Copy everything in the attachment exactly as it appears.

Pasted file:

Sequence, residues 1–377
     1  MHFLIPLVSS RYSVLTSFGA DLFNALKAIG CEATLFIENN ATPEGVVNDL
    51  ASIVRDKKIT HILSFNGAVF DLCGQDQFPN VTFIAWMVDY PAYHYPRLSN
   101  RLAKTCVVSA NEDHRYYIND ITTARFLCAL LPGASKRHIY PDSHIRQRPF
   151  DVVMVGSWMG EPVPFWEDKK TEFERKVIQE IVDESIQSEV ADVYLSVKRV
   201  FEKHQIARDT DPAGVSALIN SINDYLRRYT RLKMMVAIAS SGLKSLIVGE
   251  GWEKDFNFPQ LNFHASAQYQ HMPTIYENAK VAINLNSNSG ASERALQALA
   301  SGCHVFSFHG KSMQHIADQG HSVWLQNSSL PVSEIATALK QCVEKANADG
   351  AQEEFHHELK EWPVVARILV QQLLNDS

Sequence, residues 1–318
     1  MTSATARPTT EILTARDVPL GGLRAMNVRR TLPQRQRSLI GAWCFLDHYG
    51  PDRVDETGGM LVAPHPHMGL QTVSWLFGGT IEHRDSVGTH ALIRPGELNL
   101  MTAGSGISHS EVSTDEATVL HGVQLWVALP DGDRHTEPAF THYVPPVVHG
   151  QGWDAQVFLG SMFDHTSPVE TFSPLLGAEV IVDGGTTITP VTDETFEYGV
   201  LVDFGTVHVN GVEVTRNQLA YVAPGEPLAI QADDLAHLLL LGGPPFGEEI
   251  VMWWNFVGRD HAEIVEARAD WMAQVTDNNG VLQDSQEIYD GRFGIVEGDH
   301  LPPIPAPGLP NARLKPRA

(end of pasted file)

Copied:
Sequence, residues 1–377
     1  MHFLIPLVSS RYSVLTSFGA DLFNALKAIG CEATLFIENN ATPEGVVNDL
    51  ASIVRDKKIT HILSFNGAVF DLCGQDQFPN VTFIAWMVDY PAYHYPRLSN
   101  RLAKTCVVSA NEDHRYYIND ITTARFLCAL LPGASKRHIY PDSHIRQRPF
   151  DVVMVGSWMG EPVPFWEDKK TEFERKVIQE IVDESIQSEV ADVYLSVKRV
   201  FEKHQIARDT DPAGVSALIN SINDYLRRYT RLKMMVAIAS SGLKSLIVGE
   251  GWEKDFNFPQ LNFHASAQYQ HMPTIYENAK VAINLNSNSG ASERALQALA
   301  SGCHVFSFHG KSMQHIADQG HSVWLQNSSL PVSEIATALK QCVEKANADG
   351  AQEEFHHELK EWPVVARILV QQLLNDS

Sequence, residues 1–318
     1  MTSATARPTT EILTARDVPL GGLRAMNVRR TLPQRQRSLI GAWCFLDHYG
    51  PDRVDETGGM LVAPHPHMGL QTVSWLFGGT IEHRDSVGTH ALIRPGELNL
   101  MTAGSGISHS EVSTDEATVL HGVQLWVALP DGDRHTEPAF THYVPPVVHG
   151  QGWDAQVFLG SMFDHTSPVE TFSPLLGAEV IVDGGTTITP VTDETFEYGV
   201  LVDFGTVHVN GVEVTRNQLA YVAPGEPLAI QADDLAHLLL LGGPPFGEEI
   251  VMWWNFVGRD HAEIVEARAD WMAQVTDNNG VLQDSQEIYD GRFGIVEGDH
   301  LPPIPAPGLP NARLKPRA